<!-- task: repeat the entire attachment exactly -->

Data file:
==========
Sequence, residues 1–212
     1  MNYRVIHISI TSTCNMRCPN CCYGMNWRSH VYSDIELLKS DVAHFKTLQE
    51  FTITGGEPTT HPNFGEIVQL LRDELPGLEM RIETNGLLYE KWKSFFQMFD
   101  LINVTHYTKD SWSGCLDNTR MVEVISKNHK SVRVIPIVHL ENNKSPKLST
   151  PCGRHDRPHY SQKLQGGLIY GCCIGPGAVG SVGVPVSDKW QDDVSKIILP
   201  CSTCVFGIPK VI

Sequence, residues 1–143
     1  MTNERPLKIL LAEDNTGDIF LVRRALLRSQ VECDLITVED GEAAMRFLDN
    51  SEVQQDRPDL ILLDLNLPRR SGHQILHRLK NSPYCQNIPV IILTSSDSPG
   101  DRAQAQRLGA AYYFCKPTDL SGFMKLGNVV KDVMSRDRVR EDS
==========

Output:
Sequence, residues 1–212
     1  MNYRVIHISI TSTCNMRCPN CCYGMNWRSH VYSDIELLKS DVAHFKTLQE
    51  FTITGGEPTT HPNFGEIVQL LRDELPGLEM RIETNGLLYE KWKSFFQMFD
   101  LINVTHYTKD SWSGCLDNTR MVEVISKNHK SVRVIPIVHL ENNKSPKLST
   151  PCGRHDRPHY SQKLQGGLIY GCCIGPGAVG SVGVPVSDKW QDDVSKIILP
   201  CSTCVFGIPK VI

Sequence, residues 1–143
     1  MTNERPLKIL LAEDNTGDIF LVRRALLRSQ VECDLITVED GEAAMRFLDN
    51  SEVQQDRPDL ILLDLNLPRR SGHQILHRLK NSPYCQNIPV IILTSSDSPG
   101  DRAQAQRLGA AYYFCKPTDL SGFMKLGNVV KDVMSRDRVR EDS